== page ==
Will my right hon. Friend commend the Tarmac cement plant in my constituency for its announcement of 60 new apprenticeships this year? Will he also commend the 100 businesses from Nottinghamshire and Derbyshire that came together recently to hear about the Train to Gain project? Does he agree that investment in skills now—recession or no recession—is the key to prosperity in the future?

My hon. Friend may have noticed an advertisement from the CBI and other organisations saying that it is time to invest in the future—it is time to invest in the skills of the future. We are increasing apprenticeships this year, as a result of the decisions that we have made, by 35,000, so that there is not a cut in training during a period of downturn. We are also investing more in Train to Gain to enable people not only to continue in work, but to get the skills for the future. I must repeat to the House that if we had followed the advice of the Conservative party, we would be cutting these programmes when they are desperately needed now.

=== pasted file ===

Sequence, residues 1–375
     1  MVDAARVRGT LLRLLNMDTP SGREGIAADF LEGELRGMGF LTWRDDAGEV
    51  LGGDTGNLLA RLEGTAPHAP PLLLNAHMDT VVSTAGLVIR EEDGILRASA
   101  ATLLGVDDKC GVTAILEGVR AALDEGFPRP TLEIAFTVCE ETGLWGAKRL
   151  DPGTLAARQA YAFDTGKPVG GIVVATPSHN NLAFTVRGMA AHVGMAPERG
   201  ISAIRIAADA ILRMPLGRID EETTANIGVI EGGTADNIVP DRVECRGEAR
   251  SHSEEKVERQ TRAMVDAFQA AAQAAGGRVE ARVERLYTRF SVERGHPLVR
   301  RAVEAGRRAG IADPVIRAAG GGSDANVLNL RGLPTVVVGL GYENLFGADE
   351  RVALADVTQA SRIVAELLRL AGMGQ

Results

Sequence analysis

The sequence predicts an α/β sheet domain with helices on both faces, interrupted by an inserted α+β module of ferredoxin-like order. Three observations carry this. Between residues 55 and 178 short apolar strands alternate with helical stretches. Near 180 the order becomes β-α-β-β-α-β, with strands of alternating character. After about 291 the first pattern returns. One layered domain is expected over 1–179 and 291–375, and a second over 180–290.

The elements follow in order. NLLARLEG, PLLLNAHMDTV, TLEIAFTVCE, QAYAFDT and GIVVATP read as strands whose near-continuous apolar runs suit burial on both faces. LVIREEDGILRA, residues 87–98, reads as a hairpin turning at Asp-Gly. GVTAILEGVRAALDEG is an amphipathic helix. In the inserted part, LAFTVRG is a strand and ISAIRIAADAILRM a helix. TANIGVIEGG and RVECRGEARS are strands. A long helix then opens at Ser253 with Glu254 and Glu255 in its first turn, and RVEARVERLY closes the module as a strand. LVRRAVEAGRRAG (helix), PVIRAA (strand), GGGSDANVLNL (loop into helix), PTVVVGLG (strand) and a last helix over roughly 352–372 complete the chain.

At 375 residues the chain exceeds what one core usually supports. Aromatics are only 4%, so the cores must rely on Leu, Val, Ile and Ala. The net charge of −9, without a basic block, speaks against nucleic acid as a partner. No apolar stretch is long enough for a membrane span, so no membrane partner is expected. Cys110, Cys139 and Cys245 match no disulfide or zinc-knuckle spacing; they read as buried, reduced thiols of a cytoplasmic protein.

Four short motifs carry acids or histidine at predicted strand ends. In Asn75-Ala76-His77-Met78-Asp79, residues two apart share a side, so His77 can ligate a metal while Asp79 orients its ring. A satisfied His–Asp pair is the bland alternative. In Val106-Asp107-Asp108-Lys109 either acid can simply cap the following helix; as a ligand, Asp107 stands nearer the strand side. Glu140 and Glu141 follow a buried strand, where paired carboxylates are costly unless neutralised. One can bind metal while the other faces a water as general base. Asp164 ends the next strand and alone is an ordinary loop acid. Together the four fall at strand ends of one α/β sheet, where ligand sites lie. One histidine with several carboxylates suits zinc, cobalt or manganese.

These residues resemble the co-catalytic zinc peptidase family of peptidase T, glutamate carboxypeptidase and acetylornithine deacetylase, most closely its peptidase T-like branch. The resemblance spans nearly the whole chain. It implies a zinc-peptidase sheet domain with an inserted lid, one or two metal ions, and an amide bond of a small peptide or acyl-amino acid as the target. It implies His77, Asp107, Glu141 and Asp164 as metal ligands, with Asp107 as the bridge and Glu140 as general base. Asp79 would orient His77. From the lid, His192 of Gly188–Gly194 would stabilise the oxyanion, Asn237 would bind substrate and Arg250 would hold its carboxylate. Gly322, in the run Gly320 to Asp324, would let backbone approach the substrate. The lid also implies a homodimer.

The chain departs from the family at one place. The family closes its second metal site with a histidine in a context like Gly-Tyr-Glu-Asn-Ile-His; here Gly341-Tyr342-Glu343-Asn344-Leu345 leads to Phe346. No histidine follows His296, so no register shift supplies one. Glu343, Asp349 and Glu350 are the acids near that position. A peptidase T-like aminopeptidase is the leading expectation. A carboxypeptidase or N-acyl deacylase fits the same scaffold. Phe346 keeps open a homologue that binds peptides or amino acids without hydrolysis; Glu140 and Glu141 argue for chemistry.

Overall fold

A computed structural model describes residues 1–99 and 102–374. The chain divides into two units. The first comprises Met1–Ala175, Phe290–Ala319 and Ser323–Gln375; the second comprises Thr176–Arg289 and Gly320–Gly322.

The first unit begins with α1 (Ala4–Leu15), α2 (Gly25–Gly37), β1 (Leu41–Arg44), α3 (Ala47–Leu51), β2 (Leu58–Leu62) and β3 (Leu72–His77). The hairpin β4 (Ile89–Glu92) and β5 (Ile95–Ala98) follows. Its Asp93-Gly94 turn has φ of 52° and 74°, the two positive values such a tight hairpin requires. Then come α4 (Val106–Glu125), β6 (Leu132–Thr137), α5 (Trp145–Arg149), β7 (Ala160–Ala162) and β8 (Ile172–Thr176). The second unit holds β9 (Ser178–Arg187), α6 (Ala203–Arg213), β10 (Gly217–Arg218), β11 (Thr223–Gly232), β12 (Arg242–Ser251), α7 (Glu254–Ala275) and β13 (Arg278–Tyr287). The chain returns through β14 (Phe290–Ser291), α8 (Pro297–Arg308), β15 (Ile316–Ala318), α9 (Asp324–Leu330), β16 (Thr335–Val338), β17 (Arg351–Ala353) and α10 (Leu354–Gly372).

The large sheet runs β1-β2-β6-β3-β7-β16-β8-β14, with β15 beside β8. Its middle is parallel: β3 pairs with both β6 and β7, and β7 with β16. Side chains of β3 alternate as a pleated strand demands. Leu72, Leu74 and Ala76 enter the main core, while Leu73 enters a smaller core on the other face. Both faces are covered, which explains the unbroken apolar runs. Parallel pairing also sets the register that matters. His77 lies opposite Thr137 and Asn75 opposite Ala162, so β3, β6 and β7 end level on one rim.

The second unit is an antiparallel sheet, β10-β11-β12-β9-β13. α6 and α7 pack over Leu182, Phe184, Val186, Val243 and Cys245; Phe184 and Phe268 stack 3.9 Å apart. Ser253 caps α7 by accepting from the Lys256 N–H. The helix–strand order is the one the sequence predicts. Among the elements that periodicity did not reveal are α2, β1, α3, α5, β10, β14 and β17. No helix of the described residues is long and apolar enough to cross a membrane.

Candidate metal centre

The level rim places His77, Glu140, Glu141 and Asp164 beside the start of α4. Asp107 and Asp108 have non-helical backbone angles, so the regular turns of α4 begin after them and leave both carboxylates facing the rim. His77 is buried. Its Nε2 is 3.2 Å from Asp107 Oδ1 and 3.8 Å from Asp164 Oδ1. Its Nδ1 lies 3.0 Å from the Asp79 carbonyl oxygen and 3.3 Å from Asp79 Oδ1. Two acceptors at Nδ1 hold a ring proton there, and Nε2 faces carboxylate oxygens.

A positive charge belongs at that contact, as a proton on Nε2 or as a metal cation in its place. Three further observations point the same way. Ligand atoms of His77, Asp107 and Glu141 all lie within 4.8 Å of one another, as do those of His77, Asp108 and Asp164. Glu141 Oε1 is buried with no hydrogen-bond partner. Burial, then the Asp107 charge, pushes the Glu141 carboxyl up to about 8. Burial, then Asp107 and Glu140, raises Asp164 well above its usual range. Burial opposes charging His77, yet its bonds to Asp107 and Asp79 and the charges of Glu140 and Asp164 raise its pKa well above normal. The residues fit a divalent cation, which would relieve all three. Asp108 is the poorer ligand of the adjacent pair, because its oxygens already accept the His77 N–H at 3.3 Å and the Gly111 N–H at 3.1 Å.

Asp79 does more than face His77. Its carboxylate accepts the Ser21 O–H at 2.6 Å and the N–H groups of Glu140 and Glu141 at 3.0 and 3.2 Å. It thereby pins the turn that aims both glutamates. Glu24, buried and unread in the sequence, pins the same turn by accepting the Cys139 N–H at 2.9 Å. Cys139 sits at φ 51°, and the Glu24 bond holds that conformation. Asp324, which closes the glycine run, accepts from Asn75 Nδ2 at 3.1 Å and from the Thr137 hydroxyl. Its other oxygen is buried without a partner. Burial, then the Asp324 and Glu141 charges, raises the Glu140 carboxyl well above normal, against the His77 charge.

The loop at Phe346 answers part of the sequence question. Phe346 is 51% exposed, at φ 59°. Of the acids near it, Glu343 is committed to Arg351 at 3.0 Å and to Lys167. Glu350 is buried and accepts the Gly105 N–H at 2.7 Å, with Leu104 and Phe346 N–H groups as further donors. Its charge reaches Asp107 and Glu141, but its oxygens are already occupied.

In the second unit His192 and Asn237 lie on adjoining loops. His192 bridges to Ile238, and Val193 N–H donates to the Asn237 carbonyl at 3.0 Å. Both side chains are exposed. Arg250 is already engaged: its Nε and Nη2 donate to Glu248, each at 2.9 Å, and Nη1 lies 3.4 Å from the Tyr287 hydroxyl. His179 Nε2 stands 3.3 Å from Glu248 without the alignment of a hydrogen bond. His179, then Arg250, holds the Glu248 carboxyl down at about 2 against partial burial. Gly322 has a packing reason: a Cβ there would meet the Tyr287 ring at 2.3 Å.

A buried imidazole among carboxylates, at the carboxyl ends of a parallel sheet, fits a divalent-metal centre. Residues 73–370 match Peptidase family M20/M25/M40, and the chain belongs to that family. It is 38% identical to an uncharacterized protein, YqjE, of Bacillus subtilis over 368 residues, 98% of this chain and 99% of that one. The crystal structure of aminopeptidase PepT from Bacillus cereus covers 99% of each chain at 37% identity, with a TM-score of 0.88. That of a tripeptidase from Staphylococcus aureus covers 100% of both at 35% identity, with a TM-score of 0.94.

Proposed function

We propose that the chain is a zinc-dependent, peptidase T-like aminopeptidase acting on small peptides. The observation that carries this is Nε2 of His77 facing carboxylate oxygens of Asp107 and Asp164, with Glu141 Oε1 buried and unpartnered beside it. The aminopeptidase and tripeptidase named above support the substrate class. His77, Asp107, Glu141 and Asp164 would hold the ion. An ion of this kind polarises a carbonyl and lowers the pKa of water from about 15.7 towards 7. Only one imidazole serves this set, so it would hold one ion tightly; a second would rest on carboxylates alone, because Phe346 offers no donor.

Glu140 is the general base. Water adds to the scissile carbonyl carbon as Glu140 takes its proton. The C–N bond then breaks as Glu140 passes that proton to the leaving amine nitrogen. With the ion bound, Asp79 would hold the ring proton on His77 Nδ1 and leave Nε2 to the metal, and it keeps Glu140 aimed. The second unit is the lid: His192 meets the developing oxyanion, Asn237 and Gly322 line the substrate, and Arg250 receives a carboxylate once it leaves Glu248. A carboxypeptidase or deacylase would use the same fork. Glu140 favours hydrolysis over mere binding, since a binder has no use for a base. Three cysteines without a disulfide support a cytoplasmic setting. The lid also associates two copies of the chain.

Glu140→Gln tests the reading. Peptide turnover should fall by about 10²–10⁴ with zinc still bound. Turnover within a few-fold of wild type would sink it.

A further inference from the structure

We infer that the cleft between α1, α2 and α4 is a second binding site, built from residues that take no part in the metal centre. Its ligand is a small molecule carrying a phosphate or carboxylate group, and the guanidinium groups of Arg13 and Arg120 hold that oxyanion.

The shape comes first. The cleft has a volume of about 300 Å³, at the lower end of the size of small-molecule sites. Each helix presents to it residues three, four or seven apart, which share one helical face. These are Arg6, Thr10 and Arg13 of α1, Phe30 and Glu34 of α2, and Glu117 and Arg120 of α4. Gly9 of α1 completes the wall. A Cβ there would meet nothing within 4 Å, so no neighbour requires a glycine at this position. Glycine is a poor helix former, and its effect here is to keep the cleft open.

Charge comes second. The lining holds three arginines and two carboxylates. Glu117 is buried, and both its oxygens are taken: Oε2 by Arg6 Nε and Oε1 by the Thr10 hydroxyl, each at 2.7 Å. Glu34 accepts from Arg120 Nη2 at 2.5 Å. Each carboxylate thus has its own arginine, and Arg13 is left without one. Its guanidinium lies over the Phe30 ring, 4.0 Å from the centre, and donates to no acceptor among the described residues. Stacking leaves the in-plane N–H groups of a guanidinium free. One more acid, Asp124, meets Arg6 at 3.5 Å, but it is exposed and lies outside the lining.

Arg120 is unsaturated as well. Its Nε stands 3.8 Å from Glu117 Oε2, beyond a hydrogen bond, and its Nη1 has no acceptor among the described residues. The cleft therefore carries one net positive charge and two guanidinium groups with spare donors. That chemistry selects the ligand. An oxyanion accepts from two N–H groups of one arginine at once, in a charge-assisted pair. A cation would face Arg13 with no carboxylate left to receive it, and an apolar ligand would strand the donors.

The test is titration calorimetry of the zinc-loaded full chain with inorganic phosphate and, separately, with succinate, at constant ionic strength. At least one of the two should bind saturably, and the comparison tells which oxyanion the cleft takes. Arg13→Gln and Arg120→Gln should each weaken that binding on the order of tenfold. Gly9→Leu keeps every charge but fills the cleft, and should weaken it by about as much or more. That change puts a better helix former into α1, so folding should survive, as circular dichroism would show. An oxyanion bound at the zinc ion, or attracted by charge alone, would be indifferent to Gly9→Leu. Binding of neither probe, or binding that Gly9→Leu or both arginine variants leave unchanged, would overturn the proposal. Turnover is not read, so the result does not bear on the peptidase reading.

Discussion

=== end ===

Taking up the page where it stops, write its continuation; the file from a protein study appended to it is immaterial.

Q10. Why has a former trustee of a secretive overseas bank that specialises in tax evasion been appointed to manage the taxpayers’ stake in our banking industry? (255809)

Q11. I am sure that my right hon. Friend would agree that we must not let the financial crisis deflect us from tackling climate change. I do not know whether he is aware that companies involved in developing low-carbon technologies are suffering from the credit crunch and that projects are at risk. Will he undertake to ensure that the Government do all that they can to give these companies the support that they need in order to deliver? (255810)

My hon. Friend is absolutely right; there is a growing low-carbon environmental sector in this country that we need to support. It is worth about £100 billion and employs about 800,000 people, and we will do what we can to support it, even if the Conservative party seems to have a huge disinterest in the environment now.